“Nothing.” Stravor shook his head. “I need to rest. The journey was a trial. Let me bed the pony …”
“Yes, do that son, and then come inside. I will prepare food.” Elinor handed the rope to her boy.
“Come on, horse.” He led the animal across the yard to the stable.
Elinor pulled on the Elder’s arm to turn him towards the house. “Stravor, let us go. Leave it, whatever it is, for the moment. He will tell you in his own time.”
Stravor the Elder walked arm-in-arm with his wife. “I hope that by then it is not too late.”
“You will be company for Lesha. She is the only horse now and pulls their cart.” Stravor spoke to the pony as he led him by the empty stalls to a box next to the resident horse.
“You’ll be comfortable here, pony.” Stravor led Shade into the stall. He removed the halter and rubbed the broad head and ears. “I’ll bring hay for you. Eat and rest my brave friend.”
Stravor left the box and brought both hay and a bucket of fresh water. He also checked to confirm that Lesha had food and water.
“I will return to you, Shade. Until then my mother, no doubt, will come to rub your ears.”
The pony snorted and dipped his head to eat.
Stravor fastened the stall door closed and leaned against it. His loss and weariness were almost palpable. Beside him, the Sword was quiet and colourless. “Let me face them, and eat.”
He walked to the house. After entering, the Searcher removed his weapon and placed it against the wall. It moaned softly. Stravor comforted it. “Shhh, it is only for a short time.” With that he joined his parents in the kitchen.
Elinor jumped to her feet as he entered. “Sit. I’ll get you a bowl of stew.”
Stravor smiled at his mother. “Thank you.” He sat opposite his father.
The Elder glanced up from his plate of food as his son sat. Though a thousand questions were on his tongue, he asked nothing, and bent to eat his dinner.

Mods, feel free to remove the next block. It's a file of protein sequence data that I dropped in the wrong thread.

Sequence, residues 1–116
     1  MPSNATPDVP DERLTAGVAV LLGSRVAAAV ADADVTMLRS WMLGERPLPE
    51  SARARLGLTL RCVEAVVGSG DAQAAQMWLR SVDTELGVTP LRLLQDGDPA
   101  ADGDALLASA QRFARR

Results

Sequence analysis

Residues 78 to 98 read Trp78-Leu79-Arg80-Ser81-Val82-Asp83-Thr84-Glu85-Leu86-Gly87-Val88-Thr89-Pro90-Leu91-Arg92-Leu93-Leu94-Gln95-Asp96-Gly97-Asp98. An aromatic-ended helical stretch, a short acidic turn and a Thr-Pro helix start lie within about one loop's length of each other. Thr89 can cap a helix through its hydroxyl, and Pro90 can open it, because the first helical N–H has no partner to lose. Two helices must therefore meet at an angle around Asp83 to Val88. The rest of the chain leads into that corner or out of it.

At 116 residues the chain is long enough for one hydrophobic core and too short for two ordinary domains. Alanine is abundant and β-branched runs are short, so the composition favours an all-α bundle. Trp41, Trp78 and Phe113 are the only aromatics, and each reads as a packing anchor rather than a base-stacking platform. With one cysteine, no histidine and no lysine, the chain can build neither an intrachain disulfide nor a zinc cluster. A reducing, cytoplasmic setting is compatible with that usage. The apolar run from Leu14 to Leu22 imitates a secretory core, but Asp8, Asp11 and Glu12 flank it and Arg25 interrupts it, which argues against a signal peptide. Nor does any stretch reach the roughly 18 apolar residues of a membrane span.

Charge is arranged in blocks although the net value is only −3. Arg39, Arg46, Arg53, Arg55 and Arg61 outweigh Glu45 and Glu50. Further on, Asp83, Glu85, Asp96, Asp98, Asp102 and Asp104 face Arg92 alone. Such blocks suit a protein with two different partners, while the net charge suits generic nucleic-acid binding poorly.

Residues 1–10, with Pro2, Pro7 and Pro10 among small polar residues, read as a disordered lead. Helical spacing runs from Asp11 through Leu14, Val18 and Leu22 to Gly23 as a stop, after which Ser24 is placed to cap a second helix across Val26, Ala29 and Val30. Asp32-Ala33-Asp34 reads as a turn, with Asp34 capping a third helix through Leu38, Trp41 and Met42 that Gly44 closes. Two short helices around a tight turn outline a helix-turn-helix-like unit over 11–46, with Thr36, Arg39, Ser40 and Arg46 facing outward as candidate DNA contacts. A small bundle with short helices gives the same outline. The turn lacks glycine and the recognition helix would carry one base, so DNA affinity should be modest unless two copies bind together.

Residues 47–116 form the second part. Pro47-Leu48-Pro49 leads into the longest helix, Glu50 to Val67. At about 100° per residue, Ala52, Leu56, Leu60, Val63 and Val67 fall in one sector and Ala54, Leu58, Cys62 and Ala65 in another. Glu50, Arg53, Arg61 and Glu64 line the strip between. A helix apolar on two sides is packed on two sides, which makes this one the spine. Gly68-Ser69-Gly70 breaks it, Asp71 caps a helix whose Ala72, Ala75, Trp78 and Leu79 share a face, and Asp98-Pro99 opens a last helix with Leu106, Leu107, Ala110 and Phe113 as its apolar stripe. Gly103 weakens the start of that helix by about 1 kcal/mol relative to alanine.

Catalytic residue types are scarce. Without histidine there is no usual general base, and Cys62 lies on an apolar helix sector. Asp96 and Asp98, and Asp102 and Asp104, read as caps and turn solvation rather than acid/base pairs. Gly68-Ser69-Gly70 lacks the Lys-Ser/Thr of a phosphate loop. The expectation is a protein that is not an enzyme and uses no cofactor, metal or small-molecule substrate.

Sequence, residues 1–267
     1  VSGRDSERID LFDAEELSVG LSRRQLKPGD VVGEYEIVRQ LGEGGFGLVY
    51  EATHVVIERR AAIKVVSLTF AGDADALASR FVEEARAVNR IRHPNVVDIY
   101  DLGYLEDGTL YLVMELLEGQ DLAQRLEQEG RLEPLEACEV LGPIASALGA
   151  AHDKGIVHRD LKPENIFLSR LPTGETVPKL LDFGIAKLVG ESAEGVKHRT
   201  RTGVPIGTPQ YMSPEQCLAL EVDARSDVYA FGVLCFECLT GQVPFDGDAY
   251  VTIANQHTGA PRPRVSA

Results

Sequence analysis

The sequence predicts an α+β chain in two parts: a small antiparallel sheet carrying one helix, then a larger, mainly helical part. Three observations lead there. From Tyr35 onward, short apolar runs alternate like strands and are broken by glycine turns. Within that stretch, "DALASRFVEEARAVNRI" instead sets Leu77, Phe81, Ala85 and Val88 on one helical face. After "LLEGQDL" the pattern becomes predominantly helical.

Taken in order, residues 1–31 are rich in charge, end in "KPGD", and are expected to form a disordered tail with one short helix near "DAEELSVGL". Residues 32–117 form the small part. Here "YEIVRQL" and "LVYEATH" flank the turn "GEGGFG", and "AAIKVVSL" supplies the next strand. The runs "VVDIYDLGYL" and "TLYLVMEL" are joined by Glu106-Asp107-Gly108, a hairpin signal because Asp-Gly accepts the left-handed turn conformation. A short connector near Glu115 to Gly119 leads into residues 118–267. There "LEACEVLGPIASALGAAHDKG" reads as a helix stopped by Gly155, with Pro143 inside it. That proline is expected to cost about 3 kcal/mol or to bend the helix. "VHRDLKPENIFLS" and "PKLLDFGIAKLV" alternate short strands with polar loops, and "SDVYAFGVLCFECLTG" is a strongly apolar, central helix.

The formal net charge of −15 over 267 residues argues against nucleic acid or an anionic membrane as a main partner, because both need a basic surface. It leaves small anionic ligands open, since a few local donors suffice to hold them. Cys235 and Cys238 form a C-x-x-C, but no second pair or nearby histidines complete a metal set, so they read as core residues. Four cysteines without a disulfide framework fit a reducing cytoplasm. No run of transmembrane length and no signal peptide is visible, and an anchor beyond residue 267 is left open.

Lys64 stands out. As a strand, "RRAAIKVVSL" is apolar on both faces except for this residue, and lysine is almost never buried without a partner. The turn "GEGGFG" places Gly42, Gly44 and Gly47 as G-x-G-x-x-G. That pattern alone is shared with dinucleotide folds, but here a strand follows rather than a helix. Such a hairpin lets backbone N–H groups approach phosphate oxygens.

Elinor placed a bowl of thick meaty stew before her son and also a plate of buttered fresh bread. She smiled. “Here. Eat.”
If the truth be known, in that moment, Stravor felt more like sleeping, but he picked up his spoon and dipped it into the fragrant food.
Elinor sat down to finish her meal.
For some minutes there was no speaking, only the sounds of eating.
“What have you done, Stravor?” The Elder broke the quiet with the question that burned most within him. “I cannot feel the boy any longer.”
Stravor peered up at his Father. At first no words passed between them. He only chewed and swallowed. He lay down his spoon carefully, then found his father’s eyes. “The boy is dead. His body is in the crypt.”
“Here?” The Elder raised his voice. “Ours? It is for our family.”
“Yes, ours … mine.”
“Why? Why here?”
Stravor rolled his head back to look up at the beamed ceiling. He closed his eyes, heedless of the tears that ran from them. He whispered, “Here because he was mine. He was mine and I loved him. I wish him here and to be beside him when my time is nigh.”
The Elder got to his feet and slammed his hands on the table. “Stravor! What have you done?”
The Younger rose also. He wiped away his tears. “Done? I have done my duty to my God. I completed the task set me.”
Stravor walked away from the table and paused in the doorway. “I killed the boy I loved, that is what I have done.”
He walked to the front door and picked up his Sword and strapped it on.
“Where are you going, Stravor?” Elinor ran to her son. “Please, you do not have to leave. We can help … we can—”
“No!” Stravor yanked the door open. He reached out to touch his mother’s face. His voice was gentle now. “I will return to bury Keter. He was … as my wedded one.”
“I do understand, son.” Elinor noticed the Elder was standing in the kitchen doorway. “Of course, you must have him here. Where are you going?”
“Mother, I am going to see Dayson and drink until I feel no more.”
“You cannot run from what you have done, boy!” The Elder said.
“Do you think I do not know that, old man?” Stravor stepped out onto the porch. He walked down the two steps and started toward town.
Elinor and Stravor the Elder watched their only child walk away.
Wife turned to husband as she slowly closed the door. “What will happen now, Stravor?”
The elder Searcher embraced her. “I do not know, my love. I will away to my room and meditate on it but I fear it will not be good.”
Stravor strode along the path. He slowed once he was passed the town’s border. He also took a wide berth around the Hall. The Searcher walked on to the Silverhide Inn.
He pushed open the doors and called, “Dayson!”